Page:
Posted on September 16, 2013 by Michael Martin Leaño
Want to strike it out on your own as an electrician? Try setting up your own electrical business. It lets you be your own boss, have control over income, and decide how things are done. But before you get to that point, there are quite a number of things you have to do. To give you a better idea how to start your own electrical business in Oz, here are a few things you need to know:
As with any enterprise, starting an electrical business means you have to accomplish a considerable amount of licenses and permits, which vary depending on several factors like what your company does, where you’re located, and how you plan to promote it. To find out exactly what you need to accomplish, visit the Australian Business Licence and Information Service (ABLIS) website.
In the home page’s search engine (it’s the one that says ABLIS Search), key in your business type (e.g. “electrician”) and location (e.g. “Melbourne”), then check the conditions that apply to your enterprise. Following the given example, if you want to set up an electrical business in Melbourne that deals with installation work and maintenance/repair of wiring, then you’ll have to complete a number of requirements including the following:
What’s convenient about ABLIS is that all the eligibility requirements, forms needed, fees, and contact details of the corresponding government agencies are included in the search results.
You need to get all the basic equipment and tools that you and your electricians will use on the job. At the very least, you’ll need a vehicle for transportation, safety equipment, a variety of tools (e.g. pliers, crimping tools, screwdrivers, wire strippers, cable cutters, safety switches, and mains testers), If you’re setting up a little office for your start-up, you’ll also need a telephone line, mobile phone, and perhaps a fax machine.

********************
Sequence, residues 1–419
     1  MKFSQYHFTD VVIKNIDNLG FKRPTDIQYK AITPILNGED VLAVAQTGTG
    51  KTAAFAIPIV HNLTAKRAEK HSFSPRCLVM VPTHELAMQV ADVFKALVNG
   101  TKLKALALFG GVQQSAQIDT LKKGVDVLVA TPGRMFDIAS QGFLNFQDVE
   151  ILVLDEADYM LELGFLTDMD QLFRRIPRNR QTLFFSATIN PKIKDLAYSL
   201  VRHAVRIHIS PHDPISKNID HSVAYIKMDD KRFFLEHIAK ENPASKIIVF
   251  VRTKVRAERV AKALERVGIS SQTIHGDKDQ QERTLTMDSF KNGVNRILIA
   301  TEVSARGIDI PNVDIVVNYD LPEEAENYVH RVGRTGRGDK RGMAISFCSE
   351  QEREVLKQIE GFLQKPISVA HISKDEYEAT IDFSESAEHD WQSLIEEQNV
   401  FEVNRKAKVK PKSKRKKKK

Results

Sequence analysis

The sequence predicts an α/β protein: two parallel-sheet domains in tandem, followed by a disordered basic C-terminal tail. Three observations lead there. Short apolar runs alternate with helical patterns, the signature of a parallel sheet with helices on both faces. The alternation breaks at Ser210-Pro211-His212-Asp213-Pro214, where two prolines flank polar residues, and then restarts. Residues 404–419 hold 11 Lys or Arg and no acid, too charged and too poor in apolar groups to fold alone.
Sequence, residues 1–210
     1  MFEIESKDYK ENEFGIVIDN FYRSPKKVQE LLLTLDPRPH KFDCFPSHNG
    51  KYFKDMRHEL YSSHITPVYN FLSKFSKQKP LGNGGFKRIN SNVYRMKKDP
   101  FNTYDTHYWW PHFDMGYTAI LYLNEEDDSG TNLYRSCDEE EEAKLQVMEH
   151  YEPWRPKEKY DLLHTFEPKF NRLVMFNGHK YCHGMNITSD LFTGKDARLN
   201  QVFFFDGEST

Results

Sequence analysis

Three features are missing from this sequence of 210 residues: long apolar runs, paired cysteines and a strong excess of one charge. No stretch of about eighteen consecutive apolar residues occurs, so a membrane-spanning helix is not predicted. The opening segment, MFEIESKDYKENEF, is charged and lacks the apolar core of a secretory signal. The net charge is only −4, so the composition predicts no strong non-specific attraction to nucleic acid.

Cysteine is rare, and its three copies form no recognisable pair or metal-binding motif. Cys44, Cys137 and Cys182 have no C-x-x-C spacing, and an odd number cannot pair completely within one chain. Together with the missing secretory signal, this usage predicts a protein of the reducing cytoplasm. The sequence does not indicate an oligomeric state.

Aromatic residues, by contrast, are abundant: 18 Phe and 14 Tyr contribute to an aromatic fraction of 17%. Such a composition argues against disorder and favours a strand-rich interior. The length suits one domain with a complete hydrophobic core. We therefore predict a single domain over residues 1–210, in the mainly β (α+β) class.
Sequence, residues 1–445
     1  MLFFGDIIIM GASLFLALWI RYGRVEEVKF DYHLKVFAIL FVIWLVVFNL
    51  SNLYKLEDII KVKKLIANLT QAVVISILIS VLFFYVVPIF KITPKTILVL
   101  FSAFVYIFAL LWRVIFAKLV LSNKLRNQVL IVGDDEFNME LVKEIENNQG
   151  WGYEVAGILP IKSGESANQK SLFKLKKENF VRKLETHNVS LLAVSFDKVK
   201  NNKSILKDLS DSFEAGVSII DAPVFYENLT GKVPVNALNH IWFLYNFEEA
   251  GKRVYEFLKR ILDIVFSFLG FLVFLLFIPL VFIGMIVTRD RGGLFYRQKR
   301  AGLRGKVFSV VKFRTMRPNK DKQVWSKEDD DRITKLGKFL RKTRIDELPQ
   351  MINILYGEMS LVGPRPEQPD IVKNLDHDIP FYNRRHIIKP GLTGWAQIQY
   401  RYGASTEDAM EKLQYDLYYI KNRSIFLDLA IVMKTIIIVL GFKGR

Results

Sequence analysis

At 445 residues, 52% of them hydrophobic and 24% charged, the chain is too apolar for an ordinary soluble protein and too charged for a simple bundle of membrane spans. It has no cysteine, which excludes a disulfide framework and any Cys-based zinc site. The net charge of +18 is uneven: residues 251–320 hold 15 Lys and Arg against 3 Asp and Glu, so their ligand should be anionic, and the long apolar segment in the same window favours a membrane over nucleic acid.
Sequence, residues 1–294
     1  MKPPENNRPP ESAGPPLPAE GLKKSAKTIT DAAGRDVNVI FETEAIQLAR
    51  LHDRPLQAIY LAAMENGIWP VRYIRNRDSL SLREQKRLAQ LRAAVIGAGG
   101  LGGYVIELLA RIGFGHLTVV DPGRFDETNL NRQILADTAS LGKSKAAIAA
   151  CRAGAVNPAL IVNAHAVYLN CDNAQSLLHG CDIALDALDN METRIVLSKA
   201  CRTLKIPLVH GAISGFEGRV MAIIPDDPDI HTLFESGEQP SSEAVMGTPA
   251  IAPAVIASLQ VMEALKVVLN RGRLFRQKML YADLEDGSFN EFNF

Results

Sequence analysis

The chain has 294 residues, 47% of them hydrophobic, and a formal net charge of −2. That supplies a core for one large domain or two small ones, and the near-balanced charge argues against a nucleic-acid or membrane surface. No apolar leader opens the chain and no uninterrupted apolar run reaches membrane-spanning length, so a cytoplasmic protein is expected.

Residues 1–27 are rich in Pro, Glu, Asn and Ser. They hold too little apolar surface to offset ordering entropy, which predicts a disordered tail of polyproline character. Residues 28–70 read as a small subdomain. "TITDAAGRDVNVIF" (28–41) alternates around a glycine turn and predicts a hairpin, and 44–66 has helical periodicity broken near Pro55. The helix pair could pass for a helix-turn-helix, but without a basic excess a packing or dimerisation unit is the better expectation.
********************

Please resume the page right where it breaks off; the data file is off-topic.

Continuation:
Unless you plan to do all the work (or if you’re not a licensed electrician), you’ll have to hire employees to help you out. You’ll need electricians, an accountant for your business, and a receptionist/bookkeeper/clerk.
Don’t limit your prospective customers to walk-ins and/or private individuals. Cast a wider net and talk to general contractors and real estate agents as well. Contractors can provide your start-up opportunities to work on construction and renovation projects, while real estate agents can refer you other agents, or clients who may need your electrical expertise for their homes.
Since you also need to set up an office, you should plan how its day-to-day operations are going to work. This would have to encompass basic details like how much you’d charge your clients (including several payment options), the business hours, your daily expenses, workers’ compensation insurance, superannuation, and employee agreements.
Before you launch your business, make sure you also take the time to let people know about it. You can set up a website, advertise in the local paper, and as mentioned earlier, you can also give away brochures and flyers (provided that you have the permit for it). For more mileage (and less cost), better branding, improved customer engagement, and timelier service, you can also establish a social media presence online.
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